For more than eight months I have been working on a project to help restore a remote mountaintop Tibetan nunnery in Nepal, which was devastated by the earthquake last year. These activities draw directly on the religious traditions of the nuns and on indigenous building practices of the region.

Four days after the earthquake on April 25, 2015, I took a private rescue flight to Bakhang, Sindhupalchowk district in Nepal. I found a ghostly landscape of flattened and damaged buildings.  The earthquake killed one nun and left all the others, about 200 in all, homeless. Thirty of them were seriously injured.  All the nunnery houses—which had been hand-built by the nuns—were destroyed. Sixty-four residents of nearby villages were also killed. In this rugged landscape, with glaciated mountains reaching over 5000 meters in elevation, active landslides created additional damage.

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Construction of the model home using containment reinforcement with wires. Local Sherpa masons and carpenters were hired and trained. (Photo: Tsechu Dolma)

The conditions were extremely difficult. Two hundred of us slept under one large blue tarp. Many nuns kept crying, mourning the dead and expressing great distress. Moving out from the shells of their homes created a spiritual crisis for the nuns, because they felt they violated their faith; according to Buddhist beliefs, it is not permitted to leave in the middle of spiritual practice, even in the face of a disaster like a fire or a flood.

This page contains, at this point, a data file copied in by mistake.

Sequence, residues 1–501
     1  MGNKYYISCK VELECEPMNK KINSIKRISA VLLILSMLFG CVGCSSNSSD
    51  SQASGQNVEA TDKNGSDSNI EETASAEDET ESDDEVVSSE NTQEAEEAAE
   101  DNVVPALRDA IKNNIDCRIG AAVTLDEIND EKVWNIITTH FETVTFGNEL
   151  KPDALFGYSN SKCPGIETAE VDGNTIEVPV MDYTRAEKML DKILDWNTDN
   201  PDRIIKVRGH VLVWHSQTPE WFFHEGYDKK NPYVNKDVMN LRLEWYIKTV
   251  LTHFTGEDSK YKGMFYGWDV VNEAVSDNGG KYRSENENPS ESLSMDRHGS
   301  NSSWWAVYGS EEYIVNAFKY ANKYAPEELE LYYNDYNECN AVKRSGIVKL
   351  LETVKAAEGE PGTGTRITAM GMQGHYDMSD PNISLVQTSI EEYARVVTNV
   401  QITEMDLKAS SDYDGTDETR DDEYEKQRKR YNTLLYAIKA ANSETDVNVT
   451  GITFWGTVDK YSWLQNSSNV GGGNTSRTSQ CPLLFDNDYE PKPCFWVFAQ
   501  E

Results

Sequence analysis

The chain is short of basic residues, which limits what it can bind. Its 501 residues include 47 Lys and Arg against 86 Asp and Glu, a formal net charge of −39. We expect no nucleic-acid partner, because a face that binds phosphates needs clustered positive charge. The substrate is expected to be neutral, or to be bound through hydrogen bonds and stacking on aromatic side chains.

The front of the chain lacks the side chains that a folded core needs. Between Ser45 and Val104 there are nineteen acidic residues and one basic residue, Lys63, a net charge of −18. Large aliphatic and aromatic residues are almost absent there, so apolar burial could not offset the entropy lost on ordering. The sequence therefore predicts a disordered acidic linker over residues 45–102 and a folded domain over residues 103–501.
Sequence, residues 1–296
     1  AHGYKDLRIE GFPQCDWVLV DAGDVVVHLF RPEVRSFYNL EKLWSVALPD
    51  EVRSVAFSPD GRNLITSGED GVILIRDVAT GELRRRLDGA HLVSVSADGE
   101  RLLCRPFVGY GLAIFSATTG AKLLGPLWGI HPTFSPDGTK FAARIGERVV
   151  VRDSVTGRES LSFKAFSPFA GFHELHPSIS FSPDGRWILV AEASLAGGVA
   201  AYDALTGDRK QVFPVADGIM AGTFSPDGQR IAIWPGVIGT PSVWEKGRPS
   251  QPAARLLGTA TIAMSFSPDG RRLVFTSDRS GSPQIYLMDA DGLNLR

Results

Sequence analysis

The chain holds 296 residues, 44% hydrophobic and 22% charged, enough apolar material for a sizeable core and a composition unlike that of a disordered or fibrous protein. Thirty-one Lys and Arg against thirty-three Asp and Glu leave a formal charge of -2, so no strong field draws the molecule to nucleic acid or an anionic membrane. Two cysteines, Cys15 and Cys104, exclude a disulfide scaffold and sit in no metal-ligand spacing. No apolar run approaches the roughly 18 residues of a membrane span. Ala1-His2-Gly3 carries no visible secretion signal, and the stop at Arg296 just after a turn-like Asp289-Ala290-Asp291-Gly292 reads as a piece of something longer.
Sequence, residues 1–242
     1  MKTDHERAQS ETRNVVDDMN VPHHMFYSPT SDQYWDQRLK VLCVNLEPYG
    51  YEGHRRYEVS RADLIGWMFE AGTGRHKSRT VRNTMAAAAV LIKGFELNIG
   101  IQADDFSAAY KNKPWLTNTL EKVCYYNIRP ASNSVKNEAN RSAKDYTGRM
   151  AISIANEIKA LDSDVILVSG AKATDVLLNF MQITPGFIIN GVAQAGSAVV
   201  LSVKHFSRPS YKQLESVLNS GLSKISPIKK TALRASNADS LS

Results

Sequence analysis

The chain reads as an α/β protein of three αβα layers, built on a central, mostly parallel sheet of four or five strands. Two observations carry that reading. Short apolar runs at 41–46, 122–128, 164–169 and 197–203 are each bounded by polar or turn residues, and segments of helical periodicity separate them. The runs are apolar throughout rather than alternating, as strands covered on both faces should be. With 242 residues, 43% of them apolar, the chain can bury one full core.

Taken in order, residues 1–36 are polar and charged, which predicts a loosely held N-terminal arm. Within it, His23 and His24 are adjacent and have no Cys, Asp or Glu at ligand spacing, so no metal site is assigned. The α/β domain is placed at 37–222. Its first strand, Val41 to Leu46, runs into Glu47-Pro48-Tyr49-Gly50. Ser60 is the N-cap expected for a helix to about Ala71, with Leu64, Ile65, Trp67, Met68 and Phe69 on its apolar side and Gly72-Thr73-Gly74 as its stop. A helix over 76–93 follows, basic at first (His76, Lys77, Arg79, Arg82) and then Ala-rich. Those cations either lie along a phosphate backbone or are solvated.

I was soon joined by my colleague from the Mountain Resiliency Project, a social enterprise dedicated to strengthening remote mountain communities in Nepal, and by others from the Hunnarshala Foundation and the Tibet Fund. We stayed for three weeks, providing psychosocial counseling to the nuns and assisting them with the first steps of the recovery. During that time, we did not receive any assistance from any government or international aid group. The members of our Tibetan and Sherpa communities in Kathmandu were the first to mobilize support. To date, more than half of the funds we have gathered are individual donations from within our community. American Jewish World Services, a non-sectarian humanitarian and emergency relief non-profit organization, has granted also $287,000 to our rehabilitation effort.